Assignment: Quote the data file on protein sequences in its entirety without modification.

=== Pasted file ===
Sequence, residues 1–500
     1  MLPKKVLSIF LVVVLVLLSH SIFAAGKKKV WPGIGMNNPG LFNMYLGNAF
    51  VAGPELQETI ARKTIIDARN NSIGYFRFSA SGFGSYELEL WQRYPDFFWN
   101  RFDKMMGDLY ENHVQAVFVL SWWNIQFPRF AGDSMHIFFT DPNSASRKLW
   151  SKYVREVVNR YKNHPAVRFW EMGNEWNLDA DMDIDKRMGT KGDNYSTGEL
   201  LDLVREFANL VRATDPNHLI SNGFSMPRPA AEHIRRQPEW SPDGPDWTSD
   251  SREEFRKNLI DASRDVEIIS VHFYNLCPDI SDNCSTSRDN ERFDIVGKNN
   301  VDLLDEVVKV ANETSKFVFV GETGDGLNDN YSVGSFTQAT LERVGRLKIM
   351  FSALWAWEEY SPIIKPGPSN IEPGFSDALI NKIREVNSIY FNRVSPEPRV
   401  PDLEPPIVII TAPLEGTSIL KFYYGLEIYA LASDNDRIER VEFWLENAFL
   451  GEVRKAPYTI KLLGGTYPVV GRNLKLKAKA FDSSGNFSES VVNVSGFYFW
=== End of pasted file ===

Sequence, residues 1–500
     1  MLPKKVLSIF LVVVLVLLSH SIFAAGKKKV WPGIGMNNPG LFNMYLGNAF
    51  VAGPELQETI ARKTIIDARN NSIGYFRFSA SGFGSYELEL WQRYPDFFWN
   101  RFDKMMGDLY ENHVQAVFVL SWWNIQFPRF AGDSMHIFFT DPNSASRKLW
   151  SKYVREVVNR YKNHPAVRFW EMGNEWNLDA DMDIDKRMGT KGDNYSTGEL
   201  LDLVREFANL VRATDPNHLI SNGFSMPRPA AEHIRRQPEW SPDGPDWTSD
   251  SREEFRKNLI DASRDVEIIS VHFYNLCPDI SDNCSTSRDN ERFDIVGKNN
   301  VDLLDEVVKV ANETSKFVFV GETGDGLNDN YSVGSFTQAT LERVGRLKIM
   351  FSALWAWEEY SPIIKPGPSN IEPGFSDALI NKIREVNSIY FNRVSPEPRV
   401  PDLEPPIVII TAPLEGTSIL KFYYGLEIYA LASDNDRIER VEFWLENAFL
   451  GEVRKAPYTI KLLGGTYPVV GRNLKLKAKA FDSSGNFSES VVNVSGFYFW